September 7, 2016
Have had and like the fitbit. I have owned several of their devices in the past. I have had them all fail at about 12-18 months for whatever reason. Fitbit has always sent a replacement. My Charge HR 2 failed at about 16 months. No reason -- no abuse -- just stopped charging. Customer service offered a replacement for 25% off. Not worth it. I can no longer support them. The Charge HR2 was better than earlier devices -- but it too failed in about 16 months. I can no longer say they are worth it. For a device that you become dependent on -- it should last longer than this considering the price. Buyer beware.
April 8, 2018
I received my Fitbit in October and really loved it. It was easy to use and kept me aware of my activity level. It was something I was excited to have and liked the app and monitoring for heart rate and sleep. After about 6 weeks of having it, I woke up with a very large burn on the wrist where I wear my Fitbit. I will note that I was wearing and using the device according to the instructions and was taking breaks from wearing it - there was nothing I did to cause this injury. After receiving the burn I moved the Fitbit to my other wrist, and after less than an hour a burn was forming on that wrist! These burns are very painful and large. I contacted Fitbit and they were unsurprised and told me to stop wearing any of their devices permanently. They said they did know this happens, but they have no plans to issue a recall or warn consumers about the danger. Because of that, I felt it was my duty to make potential buyers aware of this danger. I’ve included a photo of my burn not to be gross, but to show how serious this really is.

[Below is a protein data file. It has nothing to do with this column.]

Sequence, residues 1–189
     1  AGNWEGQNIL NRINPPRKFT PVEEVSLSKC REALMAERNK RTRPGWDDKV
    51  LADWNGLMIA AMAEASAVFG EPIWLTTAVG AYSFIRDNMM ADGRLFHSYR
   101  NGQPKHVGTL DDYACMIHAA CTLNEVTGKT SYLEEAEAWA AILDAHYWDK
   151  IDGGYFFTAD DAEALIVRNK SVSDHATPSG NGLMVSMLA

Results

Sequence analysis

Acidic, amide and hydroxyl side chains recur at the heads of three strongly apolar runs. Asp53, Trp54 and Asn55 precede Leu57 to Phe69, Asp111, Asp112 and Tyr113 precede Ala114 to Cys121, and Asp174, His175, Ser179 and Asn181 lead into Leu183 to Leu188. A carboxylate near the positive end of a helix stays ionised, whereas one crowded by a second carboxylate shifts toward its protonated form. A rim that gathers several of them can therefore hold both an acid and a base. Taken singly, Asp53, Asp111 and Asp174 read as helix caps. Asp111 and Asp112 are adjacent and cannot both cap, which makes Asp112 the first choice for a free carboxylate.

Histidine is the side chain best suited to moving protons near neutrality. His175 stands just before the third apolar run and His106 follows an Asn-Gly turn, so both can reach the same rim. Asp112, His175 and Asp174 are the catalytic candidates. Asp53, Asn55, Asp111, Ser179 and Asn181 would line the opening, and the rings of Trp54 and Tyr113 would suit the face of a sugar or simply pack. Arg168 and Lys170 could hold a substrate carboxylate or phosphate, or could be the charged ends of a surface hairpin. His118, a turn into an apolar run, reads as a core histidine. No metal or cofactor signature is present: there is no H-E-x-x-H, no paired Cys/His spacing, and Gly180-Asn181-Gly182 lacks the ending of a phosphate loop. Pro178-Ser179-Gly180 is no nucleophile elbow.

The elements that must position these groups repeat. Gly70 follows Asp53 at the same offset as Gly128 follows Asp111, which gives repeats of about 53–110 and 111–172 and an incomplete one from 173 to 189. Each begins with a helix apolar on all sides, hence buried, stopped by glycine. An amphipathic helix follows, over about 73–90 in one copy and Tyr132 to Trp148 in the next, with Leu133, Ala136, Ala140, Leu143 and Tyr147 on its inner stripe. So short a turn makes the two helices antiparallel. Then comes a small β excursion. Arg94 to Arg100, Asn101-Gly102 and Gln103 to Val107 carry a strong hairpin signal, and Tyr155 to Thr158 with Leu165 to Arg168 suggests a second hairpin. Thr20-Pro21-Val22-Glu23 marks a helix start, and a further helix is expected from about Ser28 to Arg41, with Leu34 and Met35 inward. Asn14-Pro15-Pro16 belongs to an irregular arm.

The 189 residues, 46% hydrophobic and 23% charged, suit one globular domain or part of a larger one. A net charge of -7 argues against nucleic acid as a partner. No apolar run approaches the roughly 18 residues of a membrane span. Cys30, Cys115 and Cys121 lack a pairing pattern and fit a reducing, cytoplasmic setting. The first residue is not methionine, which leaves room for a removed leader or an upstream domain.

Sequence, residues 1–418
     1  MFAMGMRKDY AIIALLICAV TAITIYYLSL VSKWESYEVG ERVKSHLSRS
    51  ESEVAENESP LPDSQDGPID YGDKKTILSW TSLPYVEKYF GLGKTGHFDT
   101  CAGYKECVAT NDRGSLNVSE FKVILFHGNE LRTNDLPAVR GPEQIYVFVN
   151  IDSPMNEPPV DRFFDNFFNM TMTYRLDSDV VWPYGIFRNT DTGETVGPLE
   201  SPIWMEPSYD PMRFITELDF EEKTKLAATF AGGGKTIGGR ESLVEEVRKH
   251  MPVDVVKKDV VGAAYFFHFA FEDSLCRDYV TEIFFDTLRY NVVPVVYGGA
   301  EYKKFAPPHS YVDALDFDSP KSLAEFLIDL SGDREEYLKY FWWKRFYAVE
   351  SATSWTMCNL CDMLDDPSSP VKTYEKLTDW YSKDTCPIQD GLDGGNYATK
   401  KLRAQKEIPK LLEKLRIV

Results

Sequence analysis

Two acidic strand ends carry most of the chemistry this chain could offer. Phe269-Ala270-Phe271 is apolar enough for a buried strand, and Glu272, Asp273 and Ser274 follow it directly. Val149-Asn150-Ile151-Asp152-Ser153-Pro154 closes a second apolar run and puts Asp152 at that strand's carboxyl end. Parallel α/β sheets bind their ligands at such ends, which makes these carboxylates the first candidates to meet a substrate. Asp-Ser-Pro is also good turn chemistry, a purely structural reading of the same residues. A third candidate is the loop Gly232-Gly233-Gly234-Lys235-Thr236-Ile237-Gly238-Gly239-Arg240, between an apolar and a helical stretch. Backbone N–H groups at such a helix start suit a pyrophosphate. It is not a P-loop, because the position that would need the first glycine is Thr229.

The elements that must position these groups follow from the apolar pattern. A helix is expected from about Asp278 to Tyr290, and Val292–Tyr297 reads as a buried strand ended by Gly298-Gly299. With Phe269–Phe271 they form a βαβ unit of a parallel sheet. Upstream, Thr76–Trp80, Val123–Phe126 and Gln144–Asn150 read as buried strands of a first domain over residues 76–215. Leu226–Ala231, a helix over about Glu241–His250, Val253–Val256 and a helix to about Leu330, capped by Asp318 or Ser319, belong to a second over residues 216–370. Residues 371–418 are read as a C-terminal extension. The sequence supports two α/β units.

November 21, 2017
Fitbit Charge review: An improved band, but lacking heart rate